I’ve mentioned before that I generally prefer historical museums to art museums. However, if I visit more art museums like the Rodin Museum in Philadelphia, I might just become a big fan.
The Rodin Museum features the works of a single artist, the great French sculptor Auguste Rodin. Even if you don’t know who Auguste Rodin is, I can pretty safely guarantee that you’ve seen some of his work. After all, his work “The Thinker” is one of the world’s most recognizable sculptures.
And, for those visiting the museum, it’s likely that “The Thinker” will be the first piece of his work that you encounter. In fact, even if you don’t want to enter the museum, you can still marvel at the statue as it sits right outside of the museum grounds along the Benjamin Franklin Parkway.
“The Thinker” is backed by the Merdon Gate, a replica facade of the late 17th-century gate at Chateau d’Issy in France. Standing inside the gate stands two more of Rodin’s works: Adam and The Shade.
Moving onto the grounds of the Rodin Museum, there are several other statues that you can take a look at around the gardens before entering the museum itself.
As you walk up to the museum, make sure to take a moment to admire the immensely beautiful sculpted door at the entrance known as “The Gates of Hell.” Located at the museum’s entrance since it opened in 1929, the gate stands roughly 20-feet tall and depicts a scene from Dante’s “The Inferno.” Staring up at the statue, note the several figures that Rodin cast as independent works of art, including a smaller version of “The Thinker.”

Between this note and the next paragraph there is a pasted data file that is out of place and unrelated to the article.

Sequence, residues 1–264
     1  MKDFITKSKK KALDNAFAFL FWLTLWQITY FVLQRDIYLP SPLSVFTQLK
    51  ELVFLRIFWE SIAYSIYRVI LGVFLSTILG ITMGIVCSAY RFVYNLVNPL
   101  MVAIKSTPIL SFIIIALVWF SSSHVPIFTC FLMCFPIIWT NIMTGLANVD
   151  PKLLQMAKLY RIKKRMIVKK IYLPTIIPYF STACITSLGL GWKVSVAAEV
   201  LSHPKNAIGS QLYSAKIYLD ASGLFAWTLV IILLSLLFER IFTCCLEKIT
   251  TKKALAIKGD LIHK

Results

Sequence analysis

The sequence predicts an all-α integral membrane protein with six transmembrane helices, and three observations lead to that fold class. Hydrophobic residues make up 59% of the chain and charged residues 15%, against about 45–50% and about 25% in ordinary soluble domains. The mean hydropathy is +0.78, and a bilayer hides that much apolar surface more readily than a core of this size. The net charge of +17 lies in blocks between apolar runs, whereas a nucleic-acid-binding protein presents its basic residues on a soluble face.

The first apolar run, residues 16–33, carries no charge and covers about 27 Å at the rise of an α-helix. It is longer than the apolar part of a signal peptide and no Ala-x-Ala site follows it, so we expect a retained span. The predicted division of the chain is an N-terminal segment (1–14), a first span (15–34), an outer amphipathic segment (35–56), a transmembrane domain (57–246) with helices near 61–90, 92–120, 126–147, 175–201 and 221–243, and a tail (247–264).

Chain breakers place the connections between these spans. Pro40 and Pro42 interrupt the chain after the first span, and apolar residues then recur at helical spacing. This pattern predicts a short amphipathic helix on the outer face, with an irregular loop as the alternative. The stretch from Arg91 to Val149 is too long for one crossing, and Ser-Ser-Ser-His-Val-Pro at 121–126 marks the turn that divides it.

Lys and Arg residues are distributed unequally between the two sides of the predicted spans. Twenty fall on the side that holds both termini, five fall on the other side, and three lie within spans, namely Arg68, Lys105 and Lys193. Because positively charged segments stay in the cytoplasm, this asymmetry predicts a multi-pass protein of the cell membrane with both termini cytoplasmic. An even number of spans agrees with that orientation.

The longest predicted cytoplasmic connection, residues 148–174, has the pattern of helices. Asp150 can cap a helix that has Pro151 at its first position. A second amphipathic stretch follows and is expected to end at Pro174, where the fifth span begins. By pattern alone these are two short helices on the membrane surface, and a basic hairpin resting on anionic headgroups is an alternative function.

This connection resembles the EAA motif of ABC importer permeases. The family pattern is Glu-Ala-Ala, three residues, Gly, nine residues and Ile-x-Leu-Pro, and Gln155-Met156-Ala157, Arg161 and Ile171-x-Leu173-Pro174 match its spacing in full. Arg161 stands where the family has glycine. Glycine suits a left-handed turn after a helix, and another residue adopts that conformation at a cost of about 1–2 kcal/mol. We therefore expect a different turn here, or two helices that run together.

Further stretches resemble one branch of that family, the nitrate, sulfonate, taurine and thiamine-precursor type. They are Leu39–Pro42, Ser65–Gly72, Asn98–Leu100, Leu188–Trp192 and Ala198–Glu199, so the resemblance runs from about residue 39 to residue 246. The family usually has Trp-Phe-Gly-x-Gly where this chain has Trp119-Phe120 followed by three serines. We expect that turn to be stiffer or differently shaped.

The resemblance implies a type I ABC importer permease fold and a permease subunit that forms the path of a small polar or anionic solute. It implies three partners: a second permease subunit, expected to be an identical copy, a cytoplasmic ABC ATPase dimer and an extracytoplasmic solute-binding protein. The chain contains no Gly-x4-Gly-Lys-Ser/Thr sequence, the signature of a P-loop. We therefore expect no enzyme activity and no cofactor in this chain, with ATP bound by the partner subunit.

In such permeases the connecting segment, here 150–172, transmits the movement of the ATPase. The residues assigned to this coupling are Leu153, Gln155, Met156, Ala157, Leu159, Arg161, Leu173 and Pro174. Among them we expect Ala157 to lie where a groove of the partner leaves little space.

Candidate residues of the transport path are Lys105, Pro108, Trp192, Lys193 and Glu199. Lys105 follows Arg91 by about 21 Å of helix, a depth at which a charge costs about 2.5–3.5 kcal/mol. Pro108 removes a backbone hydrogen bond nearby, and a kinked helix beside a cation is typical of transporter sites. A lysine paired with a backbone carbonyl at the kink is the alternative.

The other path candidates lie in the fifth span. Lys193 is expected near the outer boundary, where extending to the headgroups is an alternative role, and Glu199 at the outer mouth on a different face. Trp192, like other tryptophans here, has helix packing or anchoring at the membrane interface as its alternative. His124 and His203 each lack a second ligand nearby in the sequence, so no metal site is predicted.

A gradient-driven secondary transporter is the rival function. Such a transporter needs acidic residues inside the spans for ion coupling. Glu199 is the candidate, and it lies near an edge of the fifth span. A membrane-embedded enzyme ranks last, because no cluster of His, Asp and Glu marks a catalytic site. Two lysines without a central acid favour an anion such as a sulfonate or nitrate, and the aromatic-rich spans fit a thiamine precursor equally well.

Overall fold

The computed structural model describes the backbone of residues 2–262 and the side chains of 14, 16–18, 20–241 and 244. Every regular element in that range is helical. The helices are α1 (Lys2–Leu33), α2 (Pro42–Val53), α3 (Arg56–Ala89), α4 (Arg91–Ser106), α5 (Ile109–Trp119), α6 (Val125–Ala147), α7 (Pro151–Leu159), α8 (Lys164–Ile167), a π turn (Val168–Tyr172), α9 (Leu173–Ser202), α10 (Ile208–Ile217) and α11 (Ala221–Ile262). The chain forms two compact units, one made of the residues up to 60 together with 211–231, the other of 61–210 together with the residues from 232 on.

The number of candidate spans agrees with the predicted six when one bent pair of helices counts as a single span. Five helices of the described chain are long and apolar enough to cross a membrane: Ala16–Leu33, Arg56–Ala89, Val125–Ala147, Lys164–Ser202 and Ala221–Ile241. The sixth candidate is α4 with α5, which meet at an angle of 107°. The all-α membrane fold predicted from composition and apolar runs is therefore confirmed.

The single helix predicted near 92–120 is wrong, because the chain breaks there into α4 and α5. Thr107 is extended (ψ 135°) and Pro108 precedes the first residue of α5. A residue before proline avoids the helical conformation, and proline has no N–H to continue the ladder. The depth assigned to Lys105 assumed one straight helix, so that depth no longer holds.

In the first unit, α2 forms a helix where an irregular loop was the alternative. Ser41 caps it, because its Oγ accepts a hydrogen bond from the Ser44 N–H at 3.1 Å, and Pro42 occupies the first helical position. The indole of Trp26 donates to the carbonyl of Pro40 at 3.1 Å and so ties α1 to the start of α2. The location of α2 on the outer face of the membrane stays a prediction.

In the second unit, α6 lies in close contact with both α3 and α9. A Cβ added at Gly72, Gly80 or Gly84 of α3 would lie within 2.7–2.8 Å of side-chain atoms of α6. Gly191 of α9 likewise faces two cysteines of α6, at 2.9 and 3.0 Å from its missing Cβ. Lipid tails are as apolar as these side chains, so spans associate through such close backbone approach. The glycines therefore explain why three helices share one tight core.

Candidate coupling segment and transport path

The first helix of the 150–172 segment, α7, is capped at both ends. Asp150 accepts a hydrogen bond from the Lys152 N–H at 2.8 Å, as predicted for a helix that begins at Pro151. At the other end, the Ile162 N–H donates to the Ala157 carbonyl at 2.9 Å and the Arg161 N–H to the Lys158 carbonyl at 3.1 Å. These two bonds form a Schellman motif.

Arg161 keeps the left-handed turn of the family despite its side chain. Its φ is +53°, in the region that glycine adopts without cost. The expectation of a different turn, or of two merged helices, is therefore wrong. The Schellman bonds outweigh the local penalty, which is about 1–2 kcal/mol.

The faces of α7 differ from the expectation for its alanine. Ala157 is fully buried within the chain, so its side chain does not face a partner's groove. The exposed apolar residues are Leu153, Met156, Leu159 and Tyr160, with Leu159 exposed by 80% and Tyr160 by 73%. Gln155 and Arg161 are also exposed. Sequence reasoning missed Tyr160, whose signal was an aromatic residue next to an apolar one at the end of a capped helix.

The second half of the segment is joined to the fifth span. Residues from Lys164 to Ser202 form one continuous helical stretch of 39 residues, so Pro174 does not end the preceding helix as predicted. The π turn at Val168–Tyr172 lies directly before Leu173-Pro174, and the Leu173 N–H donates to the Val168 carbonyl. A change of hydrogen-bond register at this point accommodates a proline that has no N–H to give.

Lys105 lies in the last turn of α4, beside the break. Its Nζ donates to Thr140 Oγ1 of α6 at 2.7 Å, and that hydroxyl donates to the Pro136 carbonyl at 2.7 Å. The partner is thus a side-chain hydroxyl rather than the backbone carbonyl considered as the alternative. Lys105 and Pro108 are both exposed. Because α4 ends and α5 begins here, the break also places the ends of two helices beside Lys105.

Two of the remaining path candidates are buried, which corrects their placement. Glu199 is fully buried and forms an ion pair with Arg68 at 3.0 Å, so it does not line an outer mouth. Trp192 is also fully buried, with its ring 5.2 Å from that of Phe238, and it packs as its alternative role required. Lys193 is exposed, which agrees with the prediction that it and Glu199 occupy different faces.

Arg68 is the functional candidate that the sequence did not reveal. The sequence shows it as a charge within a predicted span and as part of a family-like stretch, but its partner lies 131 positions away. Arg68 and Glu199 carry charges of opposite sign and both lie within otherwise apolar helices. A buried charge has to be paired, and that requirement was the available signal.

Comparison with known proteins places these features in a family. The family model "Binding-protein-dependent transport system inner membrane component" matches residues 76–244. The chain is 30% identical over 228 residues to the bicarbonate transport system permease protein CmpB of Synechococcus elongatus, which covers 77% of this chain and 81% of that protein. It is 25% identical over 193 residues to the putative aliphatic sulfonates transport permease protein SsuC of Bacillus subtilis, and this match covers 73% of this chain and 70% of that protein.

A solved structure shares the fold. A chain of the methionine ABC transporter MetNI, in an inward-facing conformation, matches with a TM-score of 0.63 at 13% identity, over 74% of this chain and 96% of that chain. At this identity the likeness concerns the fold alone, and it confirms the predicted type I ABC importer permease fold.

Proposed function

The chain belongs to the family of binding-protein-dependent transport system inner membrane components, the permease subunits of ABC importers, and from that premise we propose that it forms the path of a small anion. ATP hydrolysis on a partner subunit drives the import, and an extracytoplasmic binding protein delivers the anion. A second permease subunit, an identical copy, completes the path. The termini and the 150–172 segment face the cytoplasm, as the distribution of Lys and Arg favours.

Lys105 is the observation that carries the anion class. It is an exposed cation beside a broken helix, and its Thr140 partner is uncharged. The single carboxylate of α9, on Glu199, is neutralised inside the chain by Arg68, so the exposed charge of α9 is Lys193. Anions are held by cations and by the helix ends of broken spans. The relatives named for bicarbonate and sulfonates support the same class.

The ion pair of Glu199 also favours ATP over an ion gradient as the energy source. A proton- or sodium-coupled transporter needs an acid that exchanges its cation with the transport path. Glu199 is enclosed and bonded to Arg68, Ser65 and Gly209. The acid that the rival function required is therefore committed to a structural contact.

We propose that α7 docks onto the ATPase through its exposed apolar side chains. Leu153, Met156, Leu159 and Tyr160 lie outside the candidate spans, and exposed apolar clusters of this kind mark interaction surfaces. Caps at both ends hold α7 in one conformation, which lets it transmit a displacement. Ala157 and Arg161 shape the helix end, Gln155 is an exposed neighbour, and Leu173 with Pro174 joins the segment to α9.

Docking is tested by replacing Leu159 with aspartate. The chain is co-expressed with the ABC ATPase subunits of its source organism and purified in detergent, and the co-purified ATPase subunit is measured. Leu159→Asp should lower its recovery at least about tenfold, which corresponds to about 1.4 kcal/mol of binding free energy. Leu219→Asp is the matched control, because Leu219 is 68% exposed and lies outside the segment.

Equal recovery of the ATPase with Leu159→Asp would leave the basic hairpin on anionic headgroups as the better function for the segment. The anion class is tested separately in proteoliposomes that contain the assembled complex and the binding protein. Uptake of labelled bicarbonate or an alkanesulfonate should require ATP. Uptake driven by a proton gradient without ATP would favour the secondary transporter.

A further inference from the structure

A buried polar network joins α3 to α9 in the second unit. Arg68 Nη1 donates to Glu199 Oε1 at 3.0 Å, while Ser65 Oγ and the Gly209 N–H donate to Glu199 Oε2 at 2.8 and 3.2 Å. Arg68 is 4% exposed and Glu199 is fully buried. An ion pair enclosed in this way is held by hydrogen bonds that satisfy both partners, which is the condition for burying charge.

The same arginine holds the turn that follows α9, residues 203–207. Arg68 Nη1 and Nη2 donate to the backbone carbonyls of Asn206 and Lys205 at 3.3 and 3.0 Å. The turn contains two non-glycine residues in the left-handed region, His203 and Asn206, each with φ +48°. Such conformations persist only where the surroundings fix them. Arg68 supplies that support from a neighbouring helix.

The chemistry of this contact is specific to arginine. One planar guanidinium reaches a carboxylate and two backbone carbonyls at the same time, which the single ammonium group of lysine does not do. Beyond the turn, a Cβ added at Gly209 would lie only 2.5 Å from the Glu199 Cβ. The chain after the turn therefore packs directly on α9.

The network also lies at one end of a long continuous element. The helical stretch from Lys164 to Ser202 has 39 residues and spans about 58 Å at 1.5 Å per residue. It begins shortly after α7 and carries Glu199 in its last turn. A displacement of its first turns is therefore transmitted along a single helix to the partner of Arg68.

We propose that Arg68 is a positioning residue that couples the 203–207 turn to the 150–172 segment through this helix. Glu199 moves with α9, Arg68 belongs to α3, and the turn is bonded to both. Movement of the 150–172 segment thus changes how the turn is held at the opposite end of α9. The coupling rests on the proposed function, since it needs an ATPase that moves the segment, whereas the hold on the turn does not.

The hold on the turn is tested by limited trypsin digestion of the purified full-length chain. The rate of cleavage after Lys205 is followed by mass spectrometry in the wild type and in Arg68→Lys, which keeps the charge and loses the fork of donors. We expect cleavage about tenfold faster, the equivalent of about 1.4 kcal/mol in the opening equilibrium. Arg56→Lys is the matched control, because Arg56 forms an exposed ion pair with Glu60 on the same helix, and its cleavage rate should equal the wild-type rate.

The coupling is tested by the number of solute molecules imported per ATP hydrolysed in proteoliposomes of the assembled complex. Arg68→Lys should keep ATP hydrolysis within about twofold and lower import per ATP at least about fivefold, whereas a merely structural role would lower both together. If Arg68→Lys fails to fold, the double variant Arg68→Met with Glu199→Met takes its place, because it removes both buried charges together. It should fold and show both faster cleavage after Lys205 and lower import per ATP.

The interior of the museum is grand. So grand in fact that it feels more like a monument to Rodin than a museum of his work. However, a museum it is, and it features more than 140 pieces of Rodin’s beautiful sculpture. In fact, Philadelphia’s Rodin Museum has the largest collection of the artist’s works outside of Paris, France. While it may not be nearly as large as the Andy Warhol Museum in Pittsburgh, it’s still one of the largest single artist museums in the state.
However, don’t let the fact that the museum represents one artist and one medium keep you from visiting. Pieces range from life-size humans to small studies of the human hand and certainly have enough variety to make you forget they were all done by the same artist.
Even though I’m not a huge fan of art museums, however, I was simply enthralled by the Rodin Museum. Even better, its small size enabled me to feel like I was able to examine each piece of art without feeling overwhelmed. All told, my visit to the Rodin Museum only took about 45 minutes.
Overall, I think the Rodin Museum is definitely one of the best art museums in Pennsylvania. While you can visit the museum’s gardens and “The Thinker” statue without paying to enter, the quality of the interior shouldn’t be missed. True, the Rodin Museum may lack the diversity of the nearby Barnes Museum and the Philadelphia Museum of Art, but the sheer quality of the works make this a must-visit by anyone who can appreciate a beautiful piece of art.
Note: My visit to the Rodin Museum was hosted by Visit Philly. However, the thoughts expressed in this article are my own.
Hours: Friday-Monday: 10am-5pm
Cost: Adults: $12, Children, 12 & under: Free
Address: 2151 Benjamin Franklin Parkway
1 thought on “Studying Sculpture with a Visit to the Rodin Museum”
What a precious collection! I’ve seen Rodin’s masterpiece in Hermitage (St Petersburg, Russia), can’t wait to visit the museum!